First, deepfakes swapped our faces (https://rob.al/2LjX7GM), now a US company is developing the technology to recreate voices. The therapeutic uses are clear – there are dozens of situations which can lead to a person losing their voice (https://rob.al/2motUjj) – and clearly having a computer sound like me as well as speak my words will help maintain a sense of identity. But the potential for malicious use is also clear – the BBC had to find a reporter's twin to fool HSBC's voice ID system (https://rob.al/2LmLYFn). With this all you need is a few clips from facebook or recorded in secret.
It probably sings better than you, too.
TNW has a brief summary of the ways that machine learning is being used to improve authentication and authorization, with a rundown of a number of approaches used by different companies.
To some, the future of authentication might look a little creepy. But the explosion of data and connectivity will provide plenty of ways for AI algorithms to distinguish between imposters and real…
The search for "generalisation" in AI is somewhat hindered by an inability to test for it, so a recent paper by Google's Deep Mind team provides an interesting insight in to the thought process of teams pursuing this goal. The team generated a number of tests which contain patterns with abstract relationships between elements in the pattern, and between sets of patterns. Within the sets, specific elements are missing, and the researchers found that pattern completion performance was strongly correlated with core model performance. Whether this provides a way to test models remains to be seen and is the subject of further work.
In a new paper, researchers at Google subsidiary DeepMind tested the ability of machine learning models to reason abstractly, like humans.
while an interesting use case for sure, i'm not sure that I would pay $1,000 for a dustbin unless it automatically managed the inventory in my kitchen cupboards for me…
Autonomous, an ergonomic office furniture company, announced a Kickstarter campaign for Oscar, a smart home appliance. The AI-based device sorts recyclables and garbage. Environmentally-conscious…
In a very interesting and wide ranging talk on the history (including a very early mechanical perceptron) of AI, Carlos Guestrin outlined 4 trends he sees in the future:
1. shift from parallelism (e.g. spark) to HPC (e.g. deep learning on massive GPU clusters) workloads driving insights from huge (rather than "massive") data
2. a return to specialized hardware (e.g. custom chips, FPGAs etc. for HPC) and the engineering challenges to fix it (e.g. AutoTVM)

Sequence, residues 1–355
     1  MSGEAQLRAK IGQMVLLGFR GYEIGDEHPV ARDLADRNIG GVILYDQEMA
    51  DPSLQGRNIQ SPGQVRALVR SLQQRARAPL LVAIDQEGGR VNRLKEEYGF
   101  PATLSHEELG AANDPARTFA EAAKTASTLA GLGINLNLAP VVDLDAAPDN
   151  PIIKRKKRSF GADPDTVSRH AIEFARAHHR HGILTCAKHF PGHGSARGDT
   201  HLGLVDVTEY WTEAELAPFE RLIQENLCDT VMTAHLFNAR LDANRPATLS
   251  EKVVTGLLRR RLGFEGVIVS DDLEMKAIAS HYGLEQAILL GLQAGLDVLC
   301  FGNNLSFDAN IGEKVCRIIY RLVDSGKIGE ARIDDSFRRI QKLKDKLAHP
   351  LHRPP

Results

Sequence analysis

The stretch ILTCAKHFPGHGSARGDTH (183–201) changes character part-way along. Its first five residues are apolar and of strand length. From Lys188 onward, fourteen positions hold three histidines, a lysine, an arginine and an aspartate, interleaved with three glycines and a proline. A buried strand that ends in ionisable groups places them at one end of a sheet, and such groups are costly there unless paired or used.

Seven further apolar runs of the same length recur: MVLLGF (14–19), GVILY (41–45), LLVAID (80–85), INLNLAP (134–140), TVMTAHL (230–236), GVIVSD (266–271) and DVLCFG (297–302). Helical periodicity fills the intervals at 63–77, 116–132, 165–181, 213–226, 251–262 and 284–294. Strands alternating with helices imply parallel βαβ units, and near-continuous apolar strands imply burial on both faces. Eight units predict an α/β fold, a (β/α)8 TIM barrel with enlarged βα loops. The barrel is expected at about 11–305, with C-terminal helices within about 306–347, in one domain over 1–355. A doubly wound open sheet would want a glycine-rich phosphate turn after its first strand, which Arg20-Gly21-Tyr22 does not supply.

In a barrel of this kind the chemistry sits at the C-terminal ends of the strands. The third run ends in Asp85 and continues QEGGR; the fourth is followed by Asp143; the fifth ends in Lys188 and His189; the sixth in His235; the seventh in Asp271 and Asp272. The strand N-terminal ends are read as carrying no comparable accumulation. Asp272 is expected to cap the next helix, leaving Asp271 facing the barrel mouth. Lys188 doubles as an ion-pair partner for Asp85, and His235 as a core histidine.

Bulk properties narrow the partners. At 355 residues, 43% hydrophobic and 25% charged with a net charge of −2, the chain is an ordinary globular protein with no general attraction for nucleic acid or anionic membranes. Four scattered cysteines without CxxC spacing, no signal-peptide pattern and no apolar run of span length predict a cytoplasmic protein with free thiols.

3. commodification of deep learning tools to reduce barriers of adoption (e.g. pretrained models, higher level libraries)
4. ensuring that models are inclusive by making models interpretable
The rise of machine learning has been one of the most exciting developments in modern technology, but according to Carlos Guestrin, one of the oldest principles of computing still applies: garbage in…
In a couple of short but interesting videos, researchers at Honda show us how they're designing robots to be tolerant of physical risks, such as knocks, which may cause the robot to topple over and sustain damage to itself or others, by hopping or "running" (several fast steps), depending on the direction of the push. The researchers indicate that future developments might include the ability to switch from vertical to horizontal movement i.e. if you push Asimo too hard it'll drop to the floor and crawl away.
Honda is teaching its robots to take longer and faster steps to recover from shoves by transitioning to a running gait, which is exactly what humans do if we need to
I still believe that we have to change the way we're consuming the earth's resources if we want to leave to our children anything like the planet we inherited from our parents. But the products like this need to work on the marketing. Who wants to eat algae 🙂
Algae could be the environmentally-friendly superfood we’ve all been waiting for. But will anyone actually eat it?
It's interesting to see how Apple and Facebook are approaching the problem of "fake news" differently. Facebook is sticking to it's "algorithmic" approach, which i guess would be far more scalable if (and it's a big if) it can be demonstrated to work. Apple's employing more people to review the news that's presented through the hardware/software giant's own apps, teaching us:
1. the scale of the problem facing Facebook's is simply orders of magnitude larger (Apple only curates content from a chosen set of sources, not any joe schmoe writing a blog), and
2. Apple's convinced it can avoid human bias, while Facebook believes it can code it out.
Apple News launched a human-curated elections section, sparking a debate about tech companies and automation.
I'm skeptical about the true market for bike sharing. I can see the perceived benefits, and when i lived closer in to central London I used to use Boris Bikes more often, i've recently tried to rent "dockless" bikes from several of the companies around London and although they never seem to be available nearby when i want them, cities all around the world (e.g. https://rob.al/2KI7ioo) are struggling with how to stop bike "dumping" – the natural "clustering" of bikes at the end of common commuter journeys.
The ride-share company will take on Motivate’s existing contracts, like New York’s Citi Bike
A new alloy promises sensors in temperatures of up to around 980°C – high enough to instrument engine blocks in cars, or drill heads in industrial machinery. As it's also conductive, it could be used to make solid state high current switching gear too.